Part of the social selling process relies on sales people creating a perception of expert credibility and that’s where content comes in. Largely misunderstood, I want you to think about content in the context of helping the buyer make their decision to buy from you and your company and not someone else.

Recently, I sat down with Jason Wesbecher CEO and Co-Founder of Handshakez to talk about content and a unique platform that he and his team have developed to help sales people use content to close deals. Jason is a seasoned sales leader, so I know that you’ll benefit from his perspective as much as I have.

By the way, on Thursday, June 27 at 12N Eastern, I’m hosting a complimentary webinar with Jason that you need to attend. You’ll want to see for yourself what Handshakez can do for your teams sales results!

BG: Jason, why is content such an important part of the sales process?

JW: So much of the sales process unfolds these days outside the presence of an actual salesperson.  Because of this, it has never been more important to produce and share compelling content that can help provoke your customer to ask a question, start a dialogue… to engage with you.

BG: Isn’t interacting with our prospects and sending information back and forth sort of boring and wasting time? How does Handshakez overcome that challenge?

JW: The challenge with information exchange in today’s B2B environment is that it’s done much in the same way it was 15 years ago – via email.  What’s changed, though, is the sheer amount of email customers receive these days – as much as 600 new emails per week.  That is a tremendous amount of noise that sales reps now need to cut through.  Moreover, unlike 15 years ago, there just isn’t the same social obligation associated with responding to emails today.  Customers will easily delete dozens of external emails per week without thinking twice.

BG: Sales people often spend a lot of time chasing opportunities that really aren’t opportunities. How does your platform help sales people with that?

JW: As a former technology salesperson for 17 years, I can tell you with certainty that the next best thing to a “yes” is a “fast no.”  Quickly disqualifying opportunities is a valuable skill, as it reduces the time and cost of chasing conversations that will likely never come to fruition.  Our platform is focused on fostering engaging and transparent conversations between sales teams and buying teams.  When a salesperson using Handshakez starts to see declining engagement levels during a sales cycle – or worse yet, no engagement at all – it can inform next steps, sales stage and forecastability.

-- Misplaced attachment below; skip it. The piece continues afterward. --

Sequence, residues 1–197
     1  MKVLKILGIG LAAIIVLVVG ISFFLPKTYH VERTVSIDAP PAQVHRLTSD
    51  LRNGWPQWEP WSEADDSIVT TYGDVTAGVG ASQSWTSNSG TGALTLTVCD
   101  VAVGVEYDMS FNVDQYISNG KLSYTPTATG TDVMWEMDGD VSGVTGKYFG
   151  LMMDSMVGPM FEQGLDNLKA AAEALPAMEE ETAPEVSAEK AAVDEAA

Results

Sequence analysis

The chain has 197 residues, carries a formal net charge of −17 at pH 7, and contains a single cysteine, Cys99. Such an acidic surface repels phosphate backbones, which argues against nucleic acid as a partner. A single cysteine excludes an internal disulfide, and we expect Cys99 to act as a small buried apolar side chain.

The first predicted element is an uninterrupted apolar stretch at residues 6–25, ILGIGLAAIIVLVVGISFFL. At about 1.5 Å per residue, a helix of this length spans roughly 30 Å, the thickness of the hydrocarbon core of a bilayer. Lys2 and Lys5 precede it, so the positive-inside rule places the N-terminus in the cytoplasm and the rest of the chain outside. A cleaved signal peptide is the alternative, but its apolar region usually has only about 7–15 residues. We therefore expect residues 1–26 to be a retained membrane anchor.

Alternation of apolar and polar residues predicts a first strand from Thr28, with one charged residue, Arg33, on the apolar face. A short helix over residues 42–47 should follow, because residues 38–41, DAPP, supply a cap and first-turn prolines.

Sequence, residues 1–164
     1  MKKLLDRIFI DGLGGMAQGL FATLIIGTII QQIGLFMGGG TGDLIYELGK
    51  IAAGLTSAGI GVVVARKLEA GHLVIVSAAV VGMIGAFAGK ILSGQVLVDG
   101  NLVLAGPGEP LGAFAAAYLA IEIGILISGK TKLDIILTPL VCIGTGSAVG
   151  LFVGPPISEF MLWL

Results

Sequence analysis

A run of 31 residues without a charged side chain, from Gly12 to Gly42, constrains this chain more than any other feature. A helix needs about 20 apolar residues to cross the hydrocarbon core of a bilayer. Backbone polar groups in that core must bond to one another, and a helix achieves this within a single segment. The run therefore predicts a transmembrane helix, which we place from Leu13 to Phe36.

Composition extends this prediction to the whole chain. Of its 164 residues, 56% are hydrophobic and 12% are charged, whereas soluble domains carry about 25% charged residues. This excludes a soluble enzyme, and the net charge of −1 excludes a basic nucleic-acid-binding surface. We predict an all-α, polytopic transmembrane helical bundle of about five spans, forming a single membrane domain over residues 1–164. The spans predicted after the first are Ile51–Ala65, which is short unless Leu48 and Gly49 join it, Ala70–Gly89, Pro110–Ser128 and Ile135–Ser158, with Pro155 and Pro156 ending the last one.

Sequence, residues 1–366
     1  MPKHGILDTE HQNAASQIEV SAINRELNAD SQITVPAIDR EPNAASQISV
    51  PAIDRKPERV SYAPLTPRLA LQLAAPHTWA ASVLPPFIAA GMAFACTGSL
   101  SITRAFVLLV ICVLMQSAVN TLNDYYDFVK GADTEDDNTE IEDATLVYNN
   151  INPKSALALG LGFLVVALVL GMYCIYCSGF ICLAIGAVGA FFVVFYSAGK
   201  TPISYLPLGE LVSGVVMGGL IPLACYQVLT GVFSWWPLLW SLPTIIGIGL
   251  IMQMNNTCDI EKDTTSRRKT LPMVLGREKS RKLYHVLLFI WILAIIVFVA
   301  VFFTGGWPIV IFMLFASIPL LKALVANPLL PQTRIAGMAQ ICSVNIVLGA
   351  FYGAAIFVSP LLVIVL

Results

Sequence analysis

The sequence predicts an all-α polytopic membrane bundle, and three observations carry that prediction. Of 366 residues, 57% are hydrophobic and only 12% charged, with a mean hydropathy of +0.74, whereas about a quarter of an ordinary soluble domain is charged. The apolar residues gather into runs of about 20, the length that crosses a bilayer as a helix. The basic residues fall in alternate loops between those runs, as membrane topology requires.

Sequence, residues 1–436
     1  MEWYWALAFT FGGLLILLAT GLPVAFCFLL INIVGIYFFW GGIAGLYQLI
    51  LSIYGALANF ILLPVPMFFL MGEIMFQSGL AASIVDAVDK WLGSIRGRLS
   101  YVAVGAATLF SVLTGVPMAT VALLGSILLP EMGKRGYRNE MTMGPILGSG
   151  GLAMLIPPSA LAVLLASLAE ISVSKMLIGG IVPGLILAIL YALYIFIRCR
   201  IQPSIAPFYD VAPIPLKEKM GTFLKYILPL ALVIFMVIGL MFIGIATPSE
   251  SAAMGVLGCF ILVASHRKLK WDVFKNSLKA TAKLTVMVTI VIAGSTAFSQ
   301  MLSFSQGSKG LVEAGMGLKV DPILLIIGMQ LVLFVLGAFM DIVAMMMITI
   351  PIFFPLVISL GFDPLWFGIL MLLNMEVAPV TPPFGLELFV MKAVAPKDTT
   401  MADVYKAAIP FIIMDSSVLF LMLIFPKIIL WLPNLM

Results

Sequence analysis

BG: Why did you start the company in the first place?

JW: I have been in enterprise software for 68 quarters and flown 2 million miles, selling to some of the toughest clients in the world.  What I learned is that oftentimes it’s a dance between a sales team that has an immature or undifferentiated product and a buyer who has multiple alternatives and very complex requirements.  In other words, selling is really, really hard and only getting harder. 

BG: We all know that the length of time to close deals has only gotten longer because multiple stakeholders are involved and some have more influence than others. What are some of the benefits of using your platform to address this reality?

JW: For today’s sales professionals to be successful, they must navigate the complex politics of committees staffed with informed and frugal buyers. Successful reps in this environment tend to engage customers rather than manage them.  And they differentiate their sales process as much as their products & services.  The best reps may already do this very well, but they only account for 10-20% of your sales force.  What about the rest?